The Public Humanist

Our blog publishes the voices of many contributors who use the humanities to explore our world. Reader commentary is encouraged. Consider contributing – complete form. Editor David Morgan.

Time for a Tree and a Rope

Jim Crow is again in the news and in the media on a regular basis, with recent sightings on state judicial and educational perches.

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Rhetorical Shifts: Economic Liberty

John Gast’s American Progress, an allegory of Manifest Destiny that was widely disseminated in chromolithographic prints in the late 1800s.

The meanings of welfare and liberty changed significantly from the revolutionary era to the present. How did Adam Smith’s ethically-based concept of liberty come to be replaced with a no-holds-barred free market?

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Are You Ladies Alone?

Marriage

The recent trend in women choosing to marry late (or not at all) is as liberating as any movement, suffrage or sexual.

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Global in (African) Nature: Great Zimbabwe and Kilwa Kisiwani

One of the many original passageways within the Hill Complex, where only the king, his advisors, and his invited guests were permitted.

Trading empires in Africa created a global network while Europe was still reeling from the Middle Ages. Great Zimbabwe is a testament to this neglected history and its ruins demonstrate the architectural and mercantile prowess of its previous inhabitants.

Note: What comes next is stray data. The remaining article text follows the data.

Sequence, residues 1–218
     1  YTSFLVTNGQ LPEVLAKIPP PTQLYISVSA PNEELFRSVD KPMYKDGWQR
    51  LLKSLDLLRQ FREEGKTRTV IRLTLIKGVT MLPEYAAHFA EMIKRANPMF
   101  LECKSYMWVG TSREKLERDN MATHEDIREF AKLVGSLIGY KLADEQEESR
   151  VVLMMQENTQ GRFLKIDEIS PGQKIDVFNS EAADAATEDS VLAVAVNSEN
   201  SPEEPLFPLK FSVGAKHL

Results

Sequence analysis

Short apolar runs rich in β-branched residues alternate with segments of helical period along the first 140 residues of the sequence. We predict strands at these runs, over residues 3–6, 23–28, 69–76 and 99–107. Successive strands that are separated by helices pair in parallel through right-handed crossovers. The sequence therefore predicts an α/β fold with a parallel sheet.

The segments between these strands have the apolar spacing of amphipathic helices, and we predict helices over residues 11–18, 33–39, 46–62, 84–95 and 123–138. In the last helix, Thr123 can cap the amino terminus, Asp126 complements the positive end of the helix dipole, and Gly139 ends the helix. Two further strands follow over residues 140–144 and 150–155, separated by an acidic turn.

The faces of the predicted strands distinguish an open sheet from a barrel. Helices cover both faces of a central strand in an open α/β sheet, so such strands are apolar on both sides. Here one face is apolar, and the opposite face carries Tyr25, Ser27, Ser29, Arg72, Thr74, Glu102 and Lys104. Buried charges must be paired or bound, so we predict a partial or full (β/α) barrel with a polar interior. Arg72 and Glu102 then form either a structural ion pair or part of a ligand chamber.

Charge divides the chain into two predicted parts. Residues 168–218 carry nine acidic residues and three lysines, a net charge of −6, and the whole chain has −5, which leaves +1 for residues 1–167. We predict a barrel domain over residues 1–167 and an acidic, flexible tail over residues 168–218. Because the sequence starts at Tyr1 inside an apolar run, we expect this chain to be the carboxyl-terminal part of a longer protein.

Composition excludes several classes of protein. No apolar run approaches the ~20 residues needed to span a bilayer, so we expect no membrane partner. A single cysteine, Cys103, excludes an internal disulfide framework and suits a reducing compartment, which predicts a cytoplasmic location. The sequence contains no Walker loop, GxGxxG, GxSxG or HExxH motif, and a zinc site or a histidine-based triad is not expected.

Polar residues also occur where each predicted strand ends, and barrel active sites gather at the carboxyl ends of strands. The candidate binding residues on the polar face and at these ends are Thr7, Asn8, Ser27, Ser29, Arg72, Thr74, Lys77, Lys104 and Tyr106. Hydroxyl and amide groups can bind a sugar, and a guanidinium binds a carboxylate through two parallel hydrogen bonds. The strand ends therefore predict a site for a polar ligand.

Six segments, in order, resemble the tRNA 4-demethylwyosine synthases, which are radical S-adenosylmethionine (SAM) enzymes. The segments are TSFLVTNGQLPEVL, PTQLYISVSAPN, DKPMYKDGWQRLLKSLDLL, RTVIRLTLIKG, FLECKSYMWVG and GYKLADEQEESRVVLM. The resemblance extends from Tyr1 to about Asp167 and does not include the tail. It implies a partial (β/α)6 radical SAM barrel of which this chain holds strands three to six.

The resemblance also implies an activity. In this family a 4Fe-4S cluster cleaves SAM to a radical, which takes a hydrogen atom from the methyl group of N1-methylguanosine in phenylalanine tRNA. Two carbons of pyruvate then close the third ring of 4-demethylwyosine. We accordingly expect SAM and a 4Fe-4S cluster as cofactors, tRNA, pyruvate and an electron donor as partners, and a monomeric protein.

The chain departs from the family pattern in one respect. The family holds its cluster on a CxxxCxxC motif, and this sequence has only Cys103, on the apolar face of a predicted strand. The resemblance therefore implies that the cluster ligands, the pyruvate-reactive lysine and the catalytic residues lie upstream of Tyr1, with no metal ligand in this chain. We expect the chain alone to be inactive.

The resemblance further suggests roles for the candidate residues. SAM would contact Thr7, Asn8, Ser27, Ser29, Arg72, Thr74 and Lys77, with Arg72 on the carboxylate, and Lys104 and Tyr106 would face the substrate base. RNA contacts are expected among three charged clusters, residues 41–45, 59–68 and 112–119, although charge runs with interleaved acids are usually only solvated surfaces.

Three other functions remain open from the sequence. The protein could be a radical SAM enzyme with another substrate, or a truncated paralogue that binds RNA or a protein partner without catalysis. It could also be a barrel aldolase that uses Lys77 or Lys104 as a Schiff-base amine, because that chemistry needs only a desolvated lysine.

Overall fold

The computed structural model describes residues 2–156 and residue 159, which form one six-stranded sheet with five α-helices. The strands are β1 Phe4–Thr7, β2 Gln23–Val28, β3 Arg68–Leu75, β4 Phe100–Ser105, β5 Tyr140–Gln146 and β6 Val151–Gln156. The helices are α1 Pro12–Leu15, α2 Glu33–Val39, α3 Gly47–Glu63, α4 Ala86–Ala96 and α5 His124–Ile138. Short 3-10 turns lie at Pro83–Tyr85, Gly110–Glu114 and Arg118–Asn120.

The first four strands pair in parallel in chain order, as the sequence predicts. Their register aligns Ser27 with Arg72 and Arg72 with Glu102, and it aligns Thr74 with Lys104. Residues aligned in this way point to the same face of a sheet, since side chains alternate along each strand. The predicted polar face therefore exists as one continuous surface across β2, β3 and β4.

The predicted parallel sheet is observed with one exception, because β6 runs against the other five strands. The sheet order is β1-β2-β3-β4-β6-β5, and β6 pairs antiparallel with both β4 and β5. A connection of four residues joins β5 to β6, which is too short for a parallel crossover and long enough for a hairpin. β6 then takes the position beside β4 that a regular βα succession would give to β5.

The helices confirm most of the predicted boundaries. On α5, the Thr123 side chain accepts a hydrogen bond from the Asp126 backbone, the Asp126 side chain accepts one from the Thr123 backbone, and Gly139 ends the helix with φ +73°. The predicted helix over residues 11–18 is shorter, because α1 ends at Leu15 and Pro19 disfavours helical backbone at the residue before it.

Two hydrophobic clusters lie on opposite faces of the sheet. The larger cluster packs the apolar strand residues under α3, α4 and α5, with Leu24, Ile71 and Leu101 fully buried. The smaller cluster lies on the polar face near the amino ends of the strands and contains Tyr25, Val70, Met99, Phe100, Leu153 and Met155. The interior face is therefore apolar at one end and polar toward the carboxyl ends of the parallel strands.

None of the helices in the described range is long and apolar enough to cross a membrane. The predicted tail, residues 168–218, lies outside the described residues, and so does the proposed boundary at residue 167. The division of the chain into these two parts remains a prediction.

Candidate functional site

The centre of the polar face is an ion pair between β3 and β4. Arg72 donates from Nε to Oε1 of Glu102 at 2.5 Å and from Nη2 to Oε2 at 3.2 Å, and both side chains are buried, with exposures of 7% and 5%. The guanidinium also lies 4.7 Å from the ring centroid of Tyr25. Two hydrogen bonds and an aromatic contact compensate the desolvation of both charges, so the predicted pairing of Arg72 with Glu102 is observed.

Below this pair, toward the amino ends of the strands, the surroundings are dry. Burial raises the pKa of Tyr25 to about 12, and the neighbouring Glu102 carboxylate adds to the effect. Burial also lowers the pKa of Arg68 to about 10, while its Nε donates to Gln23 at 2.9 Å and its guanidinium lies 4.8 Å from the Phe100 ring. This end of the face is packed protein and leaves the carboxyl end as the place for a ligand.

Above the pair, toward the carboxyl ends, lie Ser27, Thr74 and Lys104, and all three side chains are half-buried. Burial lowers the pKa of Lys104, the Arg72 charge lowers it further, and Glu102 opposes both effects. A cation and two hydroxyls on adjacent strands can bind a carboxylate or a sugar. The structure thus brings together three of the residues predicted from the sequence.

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Thinking with Arendt about Massachusetts Ballot Question 2: Revaluing the “Public” in the Fight for Public Education

Vote buttons

This November, Massachusetts voters will be deciding whether to lift the cap on charter schools in the Commonwealth, begging the question of what advocates mean by the term “public.”

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What is a Terrorist?: Modern War

Guy Fawkes, caught in an attempted bombing, proclaimed that declared that “a dangerous disease required a desperate remedy,” evincing the asymmetry of power and terrorism.

Terrorism may be modern warfare’s brutal apotheosis; a simple strategy in an asymmetrical environment.

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What is a Terrorist?: The Difficulty in a Definition

Images via Google news

The standards by which we call someone a terrorist may be part religious and racial discrimination; hesitating to label individual or group violence as domestic terror appears wise when looking into history.

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What is a Terrorist? An Introduction

“Terrorist” in English texts dating from 1800 to 2008: Image via Google Books Ngram viewer

After 9/11, the word “terrorist” dramatically increased in American discourse, and yet for many—including the United States government—its definition still lacks clarity.

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Welfare and Liberty

Founding Fathers painting

Twenty years ago, President Clinton signed into law the welfare reform act for which his presidency is widely remembered. His efforts changed our national concept of welfare. But the word used to mean something very different, as is true with many of the ideas put forth in the Constitution.

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Lend Me Your Ears: Rhetoric in Ancient and Modern Times

Bust of Alcibiades. Capitalize Museum, Rome

In a democracy, the ability to persuade a voting population is the road to power itself.

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